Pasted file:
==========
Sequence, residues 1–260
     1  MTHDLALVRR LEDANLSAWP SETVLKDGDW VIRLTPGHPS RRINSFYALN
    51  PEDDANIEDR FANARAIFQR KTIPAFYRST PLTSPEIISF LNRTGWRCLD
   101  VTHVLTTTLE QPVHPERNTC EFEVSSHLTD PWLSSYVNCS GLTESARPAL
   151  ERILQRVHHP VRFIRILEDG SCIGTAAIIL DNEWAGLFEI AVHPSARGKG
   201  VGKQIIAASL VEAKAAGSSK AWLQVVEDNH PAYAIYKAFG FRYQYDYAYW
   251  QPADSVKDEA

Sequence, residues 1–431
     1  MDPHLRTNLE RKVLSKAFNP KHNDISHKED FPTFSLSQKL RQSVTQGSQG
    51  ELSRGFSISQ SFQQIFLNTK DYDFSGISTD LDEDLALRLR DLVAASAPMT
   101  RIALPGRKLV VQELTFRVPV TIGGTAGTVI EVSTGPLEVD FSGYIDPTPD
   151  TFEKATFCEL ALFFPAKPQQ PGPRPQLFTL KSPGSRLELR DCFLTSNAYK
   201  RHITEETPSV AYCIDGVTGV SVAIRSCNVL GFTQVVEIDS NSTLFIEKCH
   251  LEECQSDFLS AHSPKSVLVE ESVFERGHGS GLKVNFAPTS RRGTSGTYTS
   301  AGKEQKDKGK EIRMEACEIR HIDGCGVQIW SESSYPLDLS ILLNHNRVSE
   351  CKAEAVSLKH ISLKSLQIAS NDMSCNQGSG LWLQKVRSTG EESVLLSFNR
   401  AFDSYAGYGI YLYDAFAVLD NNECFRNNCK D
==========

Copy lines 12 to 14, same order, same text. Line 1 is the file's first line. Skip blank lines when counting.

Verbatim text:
   151  TFEKATFCEL ALFFPAKPQQ PGPRPQLFTL KSPGSRLELR DCFLTSNAYK
   201  RHITEETPSV AYCIDGVTGV SVAIRSCNVL GFTQVVEIDS NSTLFIEKCH
   251  LEECQSDFLS AHSPKSVLVE ESVFERGHGS GLKVNFAPTS RRGTSGTYTS